Vol. 42 No. 3 (2023): The University of Queensland Law Journal
Articles (Special Issue)

Vanuatu Leads Drive to Secure an Opinion from the International Court of Justice on State Responsibilities to Turn Words into Action on Climate Change

Sue Farran
Newcastle University

Published 2023-11-11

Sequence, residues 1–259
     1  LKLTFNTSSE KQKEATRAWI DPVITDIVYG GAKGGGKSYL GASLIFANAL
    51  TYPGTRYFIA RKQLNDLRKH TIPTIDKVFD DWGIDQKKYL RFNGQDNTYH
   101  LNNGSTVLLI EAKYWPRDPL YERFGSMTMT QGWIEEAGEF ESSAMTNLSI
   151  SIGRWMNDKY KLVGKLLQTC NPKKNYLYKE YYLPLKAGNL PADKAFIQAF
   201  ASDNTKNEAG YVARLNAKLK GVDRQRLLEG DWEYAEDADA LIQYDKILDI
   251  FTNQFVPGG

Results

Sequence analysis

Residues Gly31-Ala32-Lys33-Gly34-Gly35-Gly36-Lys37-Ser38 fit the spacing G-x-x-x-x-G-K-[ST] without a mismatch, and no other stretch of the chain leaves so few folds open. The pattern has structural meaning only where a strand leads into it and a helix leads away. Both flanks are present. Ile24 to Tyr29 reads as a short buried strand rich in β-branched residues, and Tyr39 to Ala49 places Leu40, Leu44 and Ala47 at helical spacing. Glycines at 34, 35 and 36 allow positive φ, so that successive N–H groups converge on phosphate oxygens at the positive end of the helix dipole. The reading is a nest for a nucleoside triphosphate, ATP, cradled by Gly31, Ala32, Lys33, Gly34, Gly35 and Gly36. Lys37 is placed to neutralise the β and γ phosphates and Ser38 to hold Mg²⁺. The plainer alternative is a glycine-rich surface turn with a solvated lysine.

In 2022, the Pacific-island State of Vanuatu declared a climate emergency. Though it is not the first nation to do so, the difference is that Vanuatu has been instrumental in getting the United Nations General Assembly ('UNGA’) to refer the issue of climate change to the International Court of Justice (‘ICJ’) for an Opinion. The intention to do this was first mooted by a civil organisation of young people: ‘The Pacific Island Students Fighting Climate Change’. The proposal gathered momentum with an alliance of civil society actors and subsequently other states supporting and co-sponsoring the resolution passed by UNGA. The Paris Agreement and Paris Rulebook are steps forward but need implementation. A legal framing of international obligations could advance this. While an ICJ opinion would have no legally binding effect, it could nevertheless be of some practical benefit in a context where there is increasing recognition of the link between existing human rights and the environment and growing demand — particularly by those most adversely affected — for translating promises into action. This article considers the imperatives behind this call to the ICJ, the potential challenges that may be raised before the Court, and the possible outcomes for this initiative.